One of the first things you must decide upon when working on a MC simulation is the granularity of the simulation.
In particle physics the simulation would normally be at the level of the leptons, hadrons and photons we can see in the detectors, or perhaps even at the level of quarks if you are simulating plasma or collisions at higher energies.
There is a tradeoff, though, between accuracy at small scales and other factors such as computing power, data size, and also access to the raw data you need to run the model. It wouldn’t make sense to try to simulate the weather or a tsunami at the quark-level, for example. Instead you would carve the atmosphere or the ocean up into an appropriately sized grid with granularity anywhere from a hundred meters-or-so up to tens of kilometers.
We have similar issues when trying to simulate election results, and there are a handful of fairly obvious choices for the granularity of the simulation.
- Nationwide: basically take the polling averages (with or without considering any margins of error) and assume that that is how the party votes will fall. Throw in reasonable assumptions about which party’s candidates will win in Epsom, Ohariu, and the seven Maori electorates and you’ve got your result. This is a good solution if you just want a rough guess at which side will form the government, and it is the level of reporting you typically get from the media and the blogs whenever a new poll is released.
- Electorate and candidate-level: This is a little more complicated. Ideally you would want polling for each electorate, but even without that you can do an alright job by using the relative differences in results between electorates from a previous election. This will cause problems when electorate boundaries change, however, so while it might have worked alright for the 2011 election it is a bit of a dodgy proposition for 2014.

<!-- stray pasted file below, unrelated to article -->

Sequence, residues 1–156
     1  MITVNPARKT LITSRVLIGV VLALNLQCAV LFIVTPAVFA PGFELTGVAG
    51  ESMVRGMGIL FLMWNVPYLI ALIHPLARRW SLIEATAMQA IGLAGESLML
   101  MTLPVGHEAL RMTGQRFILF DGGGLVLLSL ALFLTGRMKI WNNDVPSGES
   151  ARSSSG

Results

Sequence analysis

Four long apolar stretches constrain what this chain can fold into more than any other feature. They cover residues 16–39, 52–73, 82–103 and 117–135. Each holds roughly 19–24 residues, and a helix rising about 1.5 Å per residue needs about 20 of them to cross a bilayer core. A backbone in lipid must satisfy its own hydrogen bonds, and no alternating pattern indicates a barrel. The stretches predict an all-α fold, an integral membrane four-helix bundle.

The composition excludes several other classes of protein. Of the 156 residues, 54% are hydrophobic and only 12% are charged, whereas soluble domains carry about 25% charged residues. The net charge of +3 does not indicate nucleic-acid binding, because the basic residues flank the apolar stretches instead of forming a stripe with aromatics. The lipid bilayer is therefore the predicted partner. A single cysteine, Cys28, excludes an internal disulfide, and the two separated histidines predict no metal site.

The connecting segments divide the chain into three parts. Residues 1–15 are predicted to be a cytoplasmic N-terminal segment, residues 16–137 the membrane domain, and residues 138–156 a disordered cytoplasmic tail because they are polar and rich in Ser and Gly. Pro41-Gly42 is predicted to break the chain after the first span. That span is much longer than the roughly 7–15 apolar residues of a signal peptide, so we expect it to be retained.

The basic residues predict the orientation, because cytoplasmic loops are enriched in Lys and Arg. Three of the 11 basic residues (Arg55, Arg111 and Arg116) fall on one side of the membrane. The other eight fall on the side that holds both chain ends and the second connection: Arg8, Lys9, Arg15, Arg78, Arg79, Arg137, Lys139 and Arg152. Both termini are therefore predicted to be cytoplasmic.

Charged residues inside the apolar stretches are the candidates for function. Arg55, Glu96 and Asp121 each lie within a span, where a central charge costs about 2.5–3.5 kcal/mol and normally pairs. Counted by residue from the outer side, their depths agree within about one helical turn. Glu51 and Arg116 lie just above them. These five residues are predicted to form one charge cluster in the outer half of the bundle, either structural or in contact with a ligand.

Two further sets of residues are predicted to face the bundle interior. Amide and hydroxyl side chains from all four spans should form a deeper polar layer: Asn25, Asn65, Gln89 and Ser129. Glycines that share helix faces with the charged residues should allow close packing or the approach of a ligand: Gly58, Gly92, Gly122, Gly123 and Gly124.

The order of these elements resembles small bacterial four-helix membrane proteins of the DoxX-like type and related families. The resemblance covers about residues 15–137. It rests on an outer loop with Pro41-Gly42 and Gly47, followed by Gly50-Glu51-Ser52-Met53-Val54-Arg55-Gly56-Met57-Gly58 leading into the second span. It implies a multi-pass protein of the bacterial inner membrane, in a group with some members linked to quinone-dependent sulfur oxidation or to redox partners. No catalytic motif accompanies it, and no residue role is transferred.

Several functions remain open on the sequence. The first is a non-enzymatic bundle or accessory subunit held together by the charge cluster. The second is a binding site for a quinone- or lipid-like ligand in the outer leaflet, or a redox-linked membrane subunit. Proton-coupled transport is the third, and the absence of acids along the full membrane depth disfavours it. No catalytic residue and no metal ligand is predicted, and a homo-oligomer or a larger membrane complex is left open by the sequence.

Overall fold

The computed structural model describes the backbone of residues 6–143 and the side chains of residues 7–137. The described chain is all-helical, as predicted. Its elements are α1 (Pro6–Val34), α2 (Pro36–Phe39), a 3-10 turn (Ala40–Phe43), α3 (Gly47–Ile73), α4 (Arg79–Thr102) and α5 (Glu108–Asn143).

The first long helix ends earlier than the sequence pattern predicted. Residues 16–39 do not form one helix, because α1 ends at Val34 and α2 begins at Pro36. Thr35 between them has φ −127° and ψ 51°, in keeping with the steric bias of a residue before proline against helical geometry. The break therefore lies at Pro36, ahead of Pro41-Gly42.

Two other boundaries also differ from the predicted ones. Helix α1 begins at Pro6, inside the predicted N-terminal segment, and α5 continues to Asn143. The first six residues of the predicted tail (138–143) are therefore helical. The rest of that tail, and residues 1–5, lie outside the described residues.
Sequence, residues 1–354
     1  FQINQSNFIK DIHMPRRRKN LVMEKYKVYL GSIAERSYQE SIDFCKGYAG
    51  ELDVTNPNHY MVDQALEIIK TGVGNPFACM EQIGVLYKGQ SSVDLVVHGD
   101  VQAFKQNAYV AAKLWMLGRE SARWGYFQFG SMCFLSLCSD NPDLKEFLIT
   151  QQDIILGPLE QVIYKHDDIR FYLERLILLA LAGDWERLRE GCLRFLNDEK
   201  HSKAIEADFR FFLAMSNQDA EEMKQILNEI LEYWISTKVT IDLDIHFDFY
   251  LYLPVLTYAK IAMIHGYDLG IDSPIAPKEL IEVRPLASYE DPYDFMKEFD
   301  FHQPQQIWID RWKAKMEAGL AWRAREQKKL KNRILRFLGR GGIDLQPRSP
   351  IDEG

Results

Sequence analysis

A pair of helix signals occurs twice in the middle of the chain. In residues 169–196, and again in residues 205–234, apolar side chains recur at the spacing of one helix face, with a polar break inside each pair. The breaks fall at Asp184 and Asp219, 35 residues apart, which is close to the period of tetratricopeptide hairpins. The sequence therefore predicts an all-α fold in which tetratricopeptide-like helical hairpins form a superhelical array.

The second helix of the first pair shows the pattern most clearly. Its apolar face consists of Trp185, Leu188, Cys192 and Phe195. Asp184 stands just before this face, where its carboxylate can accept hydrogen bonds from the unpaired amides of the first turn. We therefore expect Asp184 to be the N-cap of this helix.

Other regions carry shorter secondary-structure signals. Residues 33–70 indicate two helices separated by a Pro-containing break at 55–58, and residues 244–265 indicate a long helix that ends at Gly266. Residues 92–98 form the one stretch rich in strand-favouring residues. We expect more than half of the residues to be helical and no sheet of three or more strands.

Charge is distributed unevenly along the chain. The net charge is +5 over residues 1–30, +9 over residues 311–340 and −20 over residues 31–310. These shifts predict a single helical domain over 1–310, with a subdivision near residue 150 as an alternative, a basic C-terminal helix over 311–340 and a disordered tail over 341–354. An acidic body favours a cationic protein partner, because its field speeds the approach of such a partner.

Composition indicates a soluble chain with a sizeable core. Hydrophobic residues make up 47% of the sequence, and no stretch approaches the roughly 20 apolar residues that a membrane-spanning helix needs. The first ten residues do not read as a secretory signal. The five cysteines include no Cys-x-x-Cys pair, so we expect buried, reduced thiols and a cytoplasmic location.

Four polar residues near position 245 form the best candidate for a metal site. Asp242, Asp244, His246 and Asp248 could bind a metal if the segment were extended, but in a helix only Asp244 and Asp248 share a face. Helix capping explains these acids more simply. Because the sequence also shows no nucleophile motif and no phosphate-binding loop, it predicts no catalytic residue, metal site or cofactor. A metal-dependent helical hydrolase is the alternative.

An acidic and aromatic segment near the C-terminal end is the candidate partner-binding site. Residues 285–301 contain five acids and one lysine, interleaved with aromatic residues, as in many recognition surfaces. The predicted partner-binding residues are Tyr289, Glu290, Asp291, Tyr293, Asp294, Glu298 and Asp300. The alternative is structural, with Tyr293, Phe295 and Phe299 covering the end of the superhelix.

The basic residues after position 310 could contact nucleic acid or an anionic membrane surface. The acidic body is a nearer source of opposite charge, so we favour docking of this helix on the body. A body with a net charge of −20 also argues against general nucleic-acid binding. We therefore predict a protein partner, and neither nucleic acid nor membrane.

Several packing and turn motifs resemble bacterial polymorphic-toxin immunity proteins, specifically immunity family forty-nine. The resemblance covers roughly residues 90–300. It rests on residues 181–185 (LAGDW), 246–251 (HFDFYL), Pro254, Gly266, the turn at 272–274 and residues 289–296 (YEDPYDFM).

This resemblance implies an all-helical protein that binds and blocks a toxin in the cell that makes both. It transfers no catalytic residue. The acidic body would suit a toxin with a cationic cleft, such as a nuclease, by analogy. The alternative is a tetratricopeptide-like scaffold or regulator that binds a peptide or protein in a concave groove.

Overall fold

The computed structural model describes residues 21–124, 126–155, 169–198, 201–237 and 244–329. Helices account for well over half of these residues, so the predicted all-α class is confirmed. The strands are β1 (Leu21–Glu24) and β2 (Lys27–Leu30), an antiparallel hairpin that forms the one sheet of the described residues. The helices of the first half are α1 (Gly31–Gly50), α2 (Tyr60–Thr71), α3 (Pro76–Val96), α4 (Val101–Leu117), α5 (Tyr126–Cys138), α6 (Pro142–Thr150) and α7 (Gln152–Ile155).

- Polling place-level: The New Zealand Electoral Commission publish polling place analysis by electorate for both the party vote and the electorate candidate vote, helpfully in CSV format as well as HTML. As with an electorate-level or candidate-level simulation you can do an acceptable job by using the relative differences in results between polling places from a previous election. Difficulties occur when polling places are discontinued or new polling places are added between elections, and also when there is significant migration, such as that which occurred in and around Christchurch after the 2011 Christchurch Earthquake.
- Voter-level: Very handy if you are a political party and you want to tailor campaign material and get-out-the-vote efforts at specific individuals. In fact, the Obama 2012 campaign data team is well known for performing simulations and doing analysis at this level of granularity. Many New Zealand libraries have copies of the
Habitation DirectoryHabitation Index, which is the electoral role from the most recent 2011 General Election ordered by address. Assuming you could get your hands on a digital copy then it is at least theoretically possible to geomap individual voters and make reasonable assumptions about their education, income, where they voted and who they voted for, albeit with a lot of attenuation bias. Unfortunately if that is all the information you have to work with then that is about where you would get stuck. If you had access to poll results with voting preferences for each person polled then things could start to get interesting, but for obvious reasons only the aggregate polling results are made available to the public. I wouldn’t be surprised to see the two major parties working on this level of analysis and undertaking highly targeted messaging a few election cycles down the track, but I don’t think anybody in New Zealand is there yet. Having said that, see the photo in this tweet from @somewhereben for evidence that MPs and volunteers knocking doors are already working to get their hands on some of the voter-level information that will be needed to pull this off.
I still haven’t made a final commitment to what level granularity to work at, but in the mean time I’m playing around with the polling place results try and see if we can understand what happens to voter turnout between elections at that level. Hopefully the turnout at each polling place will be reasonably constant over time.